Great Sociology Hack, Activating Genius IQ, Steve Jobs & Location Anchoring (1)

The newsletter which curates & delivers the best mind hacks, mental health tips & high performance strategies to you every single week.

🚀 LIFE HACK

'Weak Ties' (Or... The Approach Proven To Broaden Perspective, Unlock Creativity & Boost Success In Work & Life!)

In 1973, a young sociologist named Mark Granovetter penned a groundbreaking paper titled "The Strength of Weak Ties", which has since become the most cited paper in the entire field of sociology...

And to kickstart this week's newsletter, we're going to dive into this idea of ‘weak ties' & it's incredible applications for unlocking your creativity, thinking differently (as Steve Jobs encouraged so strongly!) & achieving more in life...

Consider this: the people who have been with you through thick & thin… who are either family to you or feel like they are... these people are your so-called "strong ties"...

And these people are very important, especially for emotional wellbeing, happiness as well as health & physical wellbeing...

Studies of centenarian living in 'blue zones' for example, show that strong social bonds are amongst the most important factors for living longer!

However, when it comes to creativity, innovation, coming up with novel solutions, doing things differently, changing your life, or changing the world as a whole... just spending time with these people (close friends, family, etc) is not such a good idea…

Why?

Well, it's all about the sameness you would experience…

If your lives have been parallel tracks – same school, same experiences, same hangouts, etc – it can become a creativity vacuum.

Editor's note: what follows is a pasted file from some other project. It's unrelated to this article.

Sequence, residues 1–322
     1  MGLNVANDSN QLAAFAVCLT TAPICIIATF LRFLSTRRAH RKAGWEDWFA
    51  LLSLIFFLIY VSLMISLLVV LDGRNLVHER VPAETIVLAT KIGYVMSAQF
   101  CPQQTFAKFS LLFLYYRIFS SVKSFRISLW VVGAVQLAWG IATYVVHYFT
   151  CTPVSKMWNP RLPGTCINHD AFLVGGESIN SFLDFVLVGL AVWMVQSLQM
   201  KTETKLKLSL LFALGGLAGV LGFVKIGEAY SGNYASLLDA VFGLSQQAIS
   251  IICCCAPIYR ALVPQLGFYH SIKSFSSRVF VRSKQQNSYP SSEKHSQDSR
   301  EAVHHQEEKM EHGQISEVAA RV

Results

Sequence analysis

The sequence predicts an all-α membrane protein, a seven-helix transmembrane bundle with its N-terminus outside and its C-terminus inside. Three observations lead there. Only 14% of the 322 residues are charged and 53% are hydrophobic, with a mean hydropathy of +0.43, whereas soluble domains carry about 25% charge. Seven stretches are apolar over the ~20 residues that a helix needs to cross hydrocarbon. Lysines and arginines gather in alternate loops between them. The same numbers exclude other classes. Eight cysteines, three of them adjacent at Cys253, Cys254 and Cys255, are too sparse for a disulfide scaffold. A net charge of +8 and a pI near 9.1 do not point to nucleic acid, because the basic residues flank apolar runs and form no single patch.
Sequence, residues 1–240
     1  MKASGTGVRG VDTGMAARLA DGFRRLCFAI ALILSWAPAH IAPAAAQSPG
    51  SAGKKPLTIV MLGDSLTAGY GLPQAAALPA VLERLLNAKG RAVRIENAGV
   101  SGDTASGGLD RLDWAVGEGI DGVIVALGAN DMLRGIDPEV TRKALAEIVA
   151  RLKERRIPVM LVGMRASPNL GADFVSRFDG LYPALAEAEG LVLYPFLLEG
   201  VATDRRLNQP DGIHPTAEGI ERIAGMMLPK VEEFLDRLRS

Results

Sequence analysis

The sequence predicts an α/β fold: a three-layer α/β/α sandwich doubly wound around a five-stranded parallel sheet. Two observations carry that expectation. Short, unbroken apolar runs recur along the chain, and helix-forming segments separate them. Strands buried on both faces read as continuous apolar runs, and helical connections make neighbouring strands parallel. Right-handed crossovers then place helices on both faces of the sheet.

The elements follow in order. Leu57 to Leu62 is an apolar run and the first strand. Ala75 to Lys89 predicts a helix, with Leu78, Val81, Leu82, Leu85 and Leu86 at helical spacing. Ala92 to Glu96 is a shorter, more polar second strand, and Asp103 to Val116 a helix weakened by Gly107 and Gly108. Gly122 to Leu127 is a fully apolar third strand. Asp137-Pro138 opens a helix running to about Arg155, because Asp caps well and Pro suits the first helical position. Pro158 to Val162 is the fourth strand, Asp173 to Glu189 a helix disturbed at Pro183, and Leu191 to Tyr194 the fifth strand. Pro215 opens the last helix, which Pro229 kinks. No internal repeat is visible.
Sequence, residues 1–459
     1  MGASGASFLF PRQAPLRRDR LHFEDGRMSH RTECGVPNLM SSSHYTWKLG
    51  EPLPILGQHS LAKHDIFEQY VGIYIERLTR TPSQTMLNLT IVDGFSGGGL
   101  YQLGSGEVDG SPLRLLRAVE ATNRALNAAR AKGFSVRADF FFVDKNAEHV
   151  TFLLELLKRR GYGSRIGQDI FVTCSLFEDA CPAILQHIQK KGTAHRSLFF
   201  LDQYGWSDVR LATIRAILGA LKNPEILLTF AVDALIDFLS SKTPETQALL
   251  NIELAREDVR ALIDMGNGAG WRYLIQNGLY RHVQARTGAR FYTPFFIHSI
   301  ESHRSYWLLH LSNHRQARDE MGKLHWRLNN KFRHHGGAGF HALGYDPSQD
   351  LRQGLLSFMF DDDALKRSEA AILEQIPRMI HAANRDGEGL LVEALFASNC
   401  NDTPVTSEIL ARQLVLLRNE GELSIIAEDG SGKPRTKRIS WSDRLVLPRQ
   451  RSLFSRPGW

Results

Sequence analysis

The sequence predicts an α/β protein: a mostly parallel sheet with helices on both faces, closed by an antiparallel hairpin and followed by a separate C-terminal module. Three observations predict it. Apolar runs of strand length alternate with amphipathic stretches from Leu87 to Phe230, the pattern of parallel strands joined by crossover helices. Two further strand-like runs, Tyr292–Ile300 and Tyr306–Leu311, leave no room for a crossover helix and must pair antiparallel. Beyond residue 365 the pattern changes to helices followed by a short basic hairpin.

There's just not enough novel input...

Now, compare that to meeting & discussing with someone from a different culture, different upbringing, wildly different life experience, during a visit to a foreign land where you experience great 'culture shock' as the expression goes...

This person has had a life so different from yours that their perspectives & experiences can feel like a breath of fresh air, offering wider perspective & greatly stimulate your creativity too (& you on their life - the benefits are on both sides!)

And that's exactly what happens...

A good example of this are immigrants...

History, for example, is packed with creative geniuses who were 'immigrants'.

Even today, 1/5th of 21st-century geniuses are first-or-second-generation immigrants; immigrants bring with them a cultural diversity that often leads to breakthroughs.

It's not just immigrants who benefit, though...

The places that welcome them also thrive creatively.

Silicon Valley, for instance, sees nearly 50% of startups with at least 1 co-founder born outside the United States - that's diversity breeding innovation right in your backyard.